Self-Management Skills: Cell Phone Etiquette & Emotional Intelligence

Posted by Elizabeth Levey
July 25, 2014

by Elizabeth Levey

elizabeth-levey-1Cell phones (and more specifically, smart phones) are ubiquitous these days, and sadly, so is poor cell phone etiquette. Are you part of the problem? By tapping into your Emotional Intelligence, you don’t have to be.  Emotional Intelligence (EI or EQ) is a particular type of social aptitude — it’s the capacity to perceive, understand, reason with, and manage emotions (PURM). These behaviors characterize how people interact and form relationships. The good news is that EI can increase with awareness, application, and practice. And high EI translates to solid, positive bonds essential for successful business dealings.


If you think you may be exhibiting low EQ when using your cell phone, here are a few tips:

1.   A skill associated with EI is emotional management of others, or influencing the moods and emotions of others. When using your cellphone, show some courtesy to those you’re with.  Think about how you’d feel if you were engaged in an important conversation or discussion and your companion kept checking their phone.  If a call or text will interrupt or disrupt an activity or a conversation, take a moment to switch your phone to “silent” or “off”. If you must take a call, move away to speak so as not to bother others.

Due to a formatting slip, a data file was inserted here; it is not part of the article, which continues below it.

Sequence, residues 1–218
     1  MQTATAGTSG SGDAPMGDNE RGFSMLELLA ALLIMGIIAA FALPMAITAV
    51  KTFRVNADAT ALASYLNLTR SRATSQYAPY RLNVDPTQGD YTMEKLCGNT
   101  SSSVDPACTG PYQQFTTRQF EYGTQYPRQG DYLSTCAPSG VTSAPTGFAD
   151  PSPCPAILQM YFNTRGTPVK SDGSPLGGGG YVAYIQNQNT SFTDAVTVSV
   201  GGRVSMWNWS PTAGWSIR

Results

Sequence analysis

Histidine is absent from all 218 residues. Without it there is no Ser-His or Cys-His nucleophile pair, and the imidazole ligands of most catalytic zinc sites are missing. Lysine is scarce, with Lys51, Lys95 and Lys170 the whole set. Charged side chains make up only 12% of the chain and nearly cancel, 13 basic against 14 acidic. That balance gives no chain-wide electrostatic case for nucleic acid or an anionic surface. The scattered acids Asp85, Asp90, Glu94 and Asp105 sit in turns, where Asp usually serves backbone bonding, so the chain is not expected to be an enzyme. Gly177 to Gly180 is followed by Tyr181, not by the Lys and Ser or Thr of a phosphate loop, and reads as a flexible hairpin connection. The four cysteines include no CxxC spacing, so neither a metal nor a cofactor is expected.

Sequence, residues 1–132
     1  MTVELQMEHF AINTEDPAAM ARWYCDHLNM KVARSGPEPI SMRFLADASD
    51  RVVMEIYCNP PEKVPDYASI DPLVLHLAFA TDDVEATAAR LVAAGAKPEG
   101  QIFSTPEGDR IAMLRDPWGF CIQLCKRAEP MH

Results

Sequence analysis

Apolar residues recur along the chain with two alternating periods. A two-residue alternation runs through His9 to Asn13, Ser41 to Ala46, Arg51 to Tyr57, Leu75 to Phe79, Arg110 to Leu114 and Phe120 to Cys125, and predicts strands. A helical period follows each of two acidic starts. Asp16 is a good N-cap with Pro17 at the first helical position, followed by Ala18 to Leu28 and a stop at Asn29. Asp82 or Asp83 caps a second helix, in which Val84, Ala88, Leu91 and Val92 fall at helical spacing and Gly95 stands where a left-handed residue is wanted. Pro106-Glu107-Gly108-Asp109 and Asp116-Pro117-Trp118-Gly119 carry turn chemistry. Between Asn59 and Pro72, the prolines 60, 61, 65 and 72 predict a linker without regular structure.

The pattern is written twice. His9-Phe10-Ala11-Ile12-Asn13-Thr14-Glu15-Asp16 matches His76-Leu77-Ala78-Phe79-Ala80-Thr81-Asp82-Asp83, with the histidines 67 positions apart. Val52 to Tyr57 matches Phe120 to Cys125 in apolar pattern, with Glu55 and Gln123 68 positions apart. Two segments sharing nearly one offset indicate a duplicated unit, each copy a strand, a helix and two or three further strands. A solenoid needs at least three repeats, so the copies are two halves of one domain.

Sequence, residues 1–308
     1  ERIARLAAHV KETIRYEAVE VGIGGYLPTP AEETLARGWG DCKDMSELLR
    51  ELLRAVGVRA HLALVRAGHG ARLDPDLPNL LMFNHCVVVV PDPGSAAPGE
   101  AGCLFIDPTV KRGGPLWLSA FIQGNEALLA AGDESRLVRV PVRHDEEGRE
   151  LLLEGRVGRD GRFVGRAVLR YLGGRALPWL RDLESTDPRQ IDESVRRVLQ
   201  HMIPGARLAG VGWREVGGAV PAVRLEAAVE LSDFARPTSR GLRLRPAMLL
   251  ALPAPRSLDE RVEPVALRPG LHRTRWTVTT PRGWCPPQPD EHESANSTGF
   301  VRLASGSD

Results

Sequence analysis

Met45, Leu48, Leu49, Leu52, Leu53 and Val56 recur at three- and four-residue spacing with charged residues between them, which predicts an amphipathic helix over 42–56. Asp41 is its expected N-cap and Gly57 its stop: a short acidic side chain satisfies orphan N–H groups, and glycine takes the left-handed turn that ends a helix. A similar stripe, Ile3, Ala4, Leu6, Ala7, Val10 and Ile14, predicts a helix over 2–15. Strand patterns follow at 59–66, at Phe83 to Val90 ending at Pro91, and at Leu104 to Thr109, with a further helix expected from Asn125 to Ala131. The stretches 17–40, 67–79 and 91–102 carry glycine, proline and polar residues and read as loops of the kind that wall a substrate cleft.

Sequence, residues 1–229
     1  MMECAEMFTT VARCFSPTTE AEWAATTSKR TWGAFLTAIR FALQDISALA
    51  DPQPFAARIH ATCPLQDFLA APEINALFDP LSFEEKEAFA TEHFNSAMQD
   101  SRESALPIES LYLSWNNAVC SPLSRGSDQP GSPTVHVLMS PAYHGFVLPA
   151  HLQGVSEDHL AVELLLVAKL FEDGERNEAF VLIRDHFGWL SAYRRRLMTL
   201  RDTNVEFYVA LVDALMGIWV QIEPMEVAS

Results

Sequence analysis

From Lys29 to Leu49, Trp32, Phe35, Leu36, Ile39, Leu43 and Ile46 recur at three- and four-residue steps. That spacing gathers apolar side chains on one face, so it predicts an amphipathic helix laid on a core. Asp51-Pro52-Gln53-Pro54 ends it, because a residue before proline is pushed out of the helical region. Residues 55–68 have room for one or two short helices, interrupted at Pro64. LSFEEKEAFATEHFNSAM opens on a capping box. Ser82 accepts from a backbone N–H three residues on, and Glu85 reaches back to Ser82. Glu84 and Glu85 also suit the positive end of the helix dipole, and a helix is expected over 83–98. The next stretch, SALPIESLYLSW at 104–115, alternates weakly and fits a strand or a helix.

2. One of the core competencies of EI is emotional self-control, or effectively managing strong emotionsself-management-skills-cell-phone-emotional-intelligence in the moment. Therefore talking on your cell phone about intense or personal matters in a public place is also a no-no. Give serious matters such as these the privacy and focus needed to deal with the strong emotions the conversation may create.  You’ll be putting yourself in a space within which you can clearly manage the emotions that arise, while sparing the “audience” from overhearing an awkward or inappropriate one-sided conversation.


3. Another key to high EI is emotional expression – expressing one’s own emotions effectively.  Yes – texting is great for its immediacy and privacy. But sometimes, the true intention or meaning behind a text is lost in translation.  In these instances, it is both more courteous and impactful to find some time in your schedule to speak to a person directly so you can more specifically discuss the issue at hand.  You can accomplish this over the phone, via Skype, or even in person. Don’t forget that the vocal component of communication (how you sound) is of huge significance in communication, and that with texting the majority of this is lost.


High emotional intelligence is equally important internally — to foster efficiency, morale, and innovation — and externally — to inspire customer and partnership loyalty. Poor interpersonal skills create enduring negative perceptions that reduce productivity and can damage brand and corporate identity. Exercise good self-management skills. Don’t let your cell phone drag your EQ down.  Remember – be in control of your phone – don’t let it control you!


increase employee connection


types of emotions

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